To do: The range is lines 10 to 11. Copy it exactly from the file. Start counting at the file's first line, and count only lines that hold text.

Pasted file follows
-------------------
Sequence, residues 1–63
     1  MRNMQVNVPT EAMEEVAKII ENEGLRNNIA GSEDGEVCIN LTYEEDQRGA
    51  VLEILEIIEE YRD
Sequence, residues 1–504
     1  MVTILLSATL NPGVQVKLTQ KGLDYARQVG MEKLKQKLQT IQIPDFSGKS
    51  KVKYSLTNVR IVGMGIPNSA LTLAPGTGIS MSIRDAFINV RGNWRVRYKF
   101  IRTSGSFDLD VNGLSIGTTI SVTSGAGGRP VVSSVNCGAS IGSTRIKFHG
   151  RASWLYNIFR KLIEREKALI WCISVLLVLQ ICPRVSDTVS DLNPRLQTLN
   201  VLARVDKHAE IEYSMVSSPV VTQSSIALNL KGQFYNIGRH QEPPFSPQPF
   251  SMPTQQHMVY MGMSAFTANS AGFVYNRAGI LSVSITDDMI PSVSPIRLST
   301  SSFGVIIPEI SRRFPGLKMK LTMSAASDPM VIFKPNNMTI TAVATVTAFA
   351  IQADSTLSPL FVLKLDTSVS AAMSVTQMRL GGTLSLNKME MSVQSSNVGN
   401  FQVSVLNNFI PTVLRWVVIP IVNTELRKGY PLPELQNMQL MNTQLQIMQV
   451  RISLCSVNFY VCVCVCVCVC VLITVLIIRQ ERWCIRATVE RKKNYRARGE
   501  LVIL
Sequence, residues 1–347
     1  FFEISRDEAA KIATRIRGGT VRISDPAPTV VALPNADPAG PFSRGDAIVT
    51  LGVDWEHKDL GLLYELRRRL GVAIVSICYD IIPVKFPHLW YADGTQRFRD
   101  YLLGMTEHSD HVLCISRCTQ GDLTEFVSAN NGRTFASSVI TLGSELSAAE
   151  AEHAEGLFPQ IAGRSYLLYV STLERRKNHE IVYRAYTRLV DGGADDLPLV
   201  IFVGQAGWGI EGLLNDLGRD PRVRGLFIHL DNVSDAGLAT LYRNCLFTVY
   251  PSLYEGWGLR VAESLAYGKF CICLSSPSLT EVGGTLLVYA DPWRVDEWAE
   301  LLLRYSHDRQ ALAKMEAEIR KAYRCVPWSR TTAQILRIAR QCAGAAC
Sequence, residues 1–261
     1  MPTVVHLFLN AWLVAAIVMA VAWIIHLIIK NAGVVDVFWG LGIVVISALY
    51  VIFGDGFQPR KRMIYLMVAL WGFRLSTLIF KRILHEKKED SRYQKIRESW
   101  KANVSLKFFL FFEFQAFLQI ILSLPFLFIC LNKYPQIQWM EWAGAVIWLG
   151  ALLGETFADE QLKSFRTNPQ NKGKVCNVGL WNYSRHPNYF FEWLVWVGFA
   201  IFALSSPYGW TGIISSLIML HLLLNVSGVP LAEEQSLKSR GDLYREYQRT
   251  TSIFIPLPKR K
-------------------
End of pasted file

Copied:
   251  SMPTQQHMVY MGMSAFTANS AGFVYNRAGI LSVSITDDMI PSVSPIRLST
   301  SSFGVIIPEI SRRFPGLKMK LTMSAASDPM VIFKPNNMTI TAVATVTAFA